By CATHERINE FIELD Herald correspondent

PARIS - France has opened several fronts against smoking, attacking the tobacco giants in the law courts and targeting their products with punitive fiscal levies and a shock campaign to ostracise them.

President Jacques Chirac left many bemused when in March he declared war on tobacco to combat cancer.

In the land of the Gauloise and the Gitane, the smoking culture has been rooted in the psyche as a peripheral symbol of sexuality, good dining and companionship.

Even so, cracks in Big Tobacco's French fortress are starting to emerge.

In an unprecedented move, a local state-run health insurance fund in St Nazaire, a city in western France, has filed suit against four tobacco giants, demanding they reimburse it for €18.66 million ($38 million) spent to treat smoking-related illnesses.

Those targeted are the former state-owned cigarette-maker Seita, now renamed Altadis; Philip Morris, which has changed its name to Altria; JTI-Reynolds; and BAT-Rothmans.

The claim dates back to 1997 when, according to the complaint, despite an undeniable pile of scientific evidence that tobacco, as well as being harmful, was clearly addictive, the companies did nothing to warn smokers.

"Tobacco addiction is very strong, pitched about halfway between cocaine and heroin," says the fund's lawyer, Francis Caballero.

Since 1997, he says, 1023 smokers have been treated for cancers of the lungs, larynx and throat and circulatory problems. The French health service spends €7 billion annually on treating smoking-related diseases.

It is the first time that a French health insurance fund has filed suit against the tobacco industry, giving a powerful boost to a campaign that has been waged by individual long-term smokers who have fallen sick.

"This lawsuit is a gimmick, a thing without any legal value,"said BAT's defence lawyer, Pierre Lenoir. "These people are trying to place themselves on moral high ground, with high-flown moral arguments, but there is no basis in legal fact."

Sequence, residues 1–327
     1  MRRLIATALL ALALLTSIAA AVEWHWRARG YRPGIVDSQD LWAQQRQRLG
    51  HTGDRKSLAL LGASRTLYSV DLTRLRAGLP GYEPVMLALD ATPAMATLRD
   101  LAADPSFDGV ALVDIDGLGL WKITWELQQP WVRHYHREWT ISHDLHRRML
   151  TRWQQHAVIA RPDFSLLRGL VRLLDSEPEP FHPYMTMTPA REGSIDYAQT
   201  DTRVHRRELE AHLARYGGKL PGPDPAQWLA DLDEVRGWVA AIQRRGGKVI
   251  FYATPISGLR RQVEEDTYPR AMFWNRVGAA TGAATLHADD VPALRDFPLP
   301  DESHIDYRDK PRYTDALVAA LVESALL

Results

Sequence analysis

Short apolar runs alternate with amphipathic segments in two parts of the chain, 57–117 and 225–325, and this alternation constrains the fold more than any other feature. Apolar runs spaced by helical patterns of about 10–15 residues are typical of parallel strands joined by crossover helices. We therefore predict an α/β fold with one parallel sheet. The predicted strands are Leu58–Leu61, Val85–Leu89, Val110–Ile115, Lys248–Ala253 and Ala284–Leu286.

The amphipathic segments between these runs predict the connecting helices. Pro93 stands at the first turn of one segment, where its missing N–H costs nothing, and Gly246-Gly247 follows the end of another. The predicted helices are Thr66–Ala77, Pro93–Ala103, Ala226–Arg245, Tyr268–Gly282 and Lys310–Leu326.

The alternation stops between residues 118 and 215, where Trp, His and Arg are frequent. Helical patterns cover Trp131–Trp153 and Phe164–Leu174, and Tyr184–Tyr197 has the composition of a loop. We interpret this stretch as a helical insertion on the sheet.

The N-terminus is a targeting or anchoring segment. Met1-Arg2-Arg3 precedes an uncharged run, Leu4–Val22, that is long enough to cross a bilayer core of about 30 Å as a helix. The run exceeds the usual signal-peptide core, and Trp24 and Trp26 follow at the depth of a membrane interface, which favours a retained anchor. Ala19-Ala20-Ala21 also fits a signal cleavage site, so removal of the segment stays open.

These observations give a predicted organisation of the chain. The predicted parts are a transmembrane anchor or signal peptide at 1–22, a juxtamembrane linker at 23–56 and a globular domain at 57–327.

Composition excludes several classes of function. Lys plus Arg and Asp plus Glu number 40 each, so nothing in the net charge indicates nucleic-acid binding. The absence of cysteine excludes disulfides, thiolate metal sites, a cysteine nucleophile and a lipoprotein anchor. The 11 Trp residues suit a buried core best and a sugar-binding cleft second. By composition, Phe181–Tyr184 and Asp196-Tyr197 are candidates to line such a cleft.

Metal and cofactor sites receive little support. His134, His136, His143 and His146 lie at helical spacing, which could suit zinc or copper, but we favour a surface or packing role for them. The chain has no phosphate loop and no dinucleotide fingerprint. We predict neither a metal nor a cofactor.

Altadis lawyer Pierre-Louis Dauzier said: "People are already well informed about the risks of tobacco. There is no obligation to inform someone who is already informed."

Individual claims have had publicity value but negligible results. The defendants have taken cover behind the argument that, from 1976, cigarette packets carried health warnings and so the responsibility lay with the smoker.

Tax increases on January 1 forced up the price of cigarettes by between 9 and 18 per cent, bringing a packet of Gauloises to €3.50 ($7.15) a packet.

Health Minister Jean-Francois Mattei is mulling proposals to boost prices by 25 per cent a year for the next three years to help choke demand.

Laws are being framed that, if approved, would fine shopkeepers up to €7500 and jail them for up to a year if they sell cigarettes to anyone under 16.

Tobacco adverts disappeared several years ago from French billboards and newspapers, and this will be toughened with new European Union rules banning tobacco sponsorship of major sporting events.

From July 1, again in response to EU law, all cigarette packets sold in France will feature large, stark health warnings.

On the front side of the pack, at least 30 per cent of the area must have the warning "Smoking Kills" or "Smoking Seriously Harms You and Those Around You".

On the reverse side, 40 per cent must be given over to one of 14 EU-required warnings, such as "Smoking May Reduce the Blood Flow and Causes Impotence", "Smoking Can Cause Slow and Painful Death" and "Smoking Causes Ageing of the Skin".

Tobacco trends

Sales of tobacco in France have slumped to their lowest level in 20 years, but the number of smokers is relatively stable.

Among men, smokers are declining (35 per cent of adult males smoke, compared with 75 per cent in 1950).

The number of women smokers is rising alarmingly, accounting for 21 per cent of the adult female population - the highest since records began and more than three times the figure for 1968.

Herald Feature: Health

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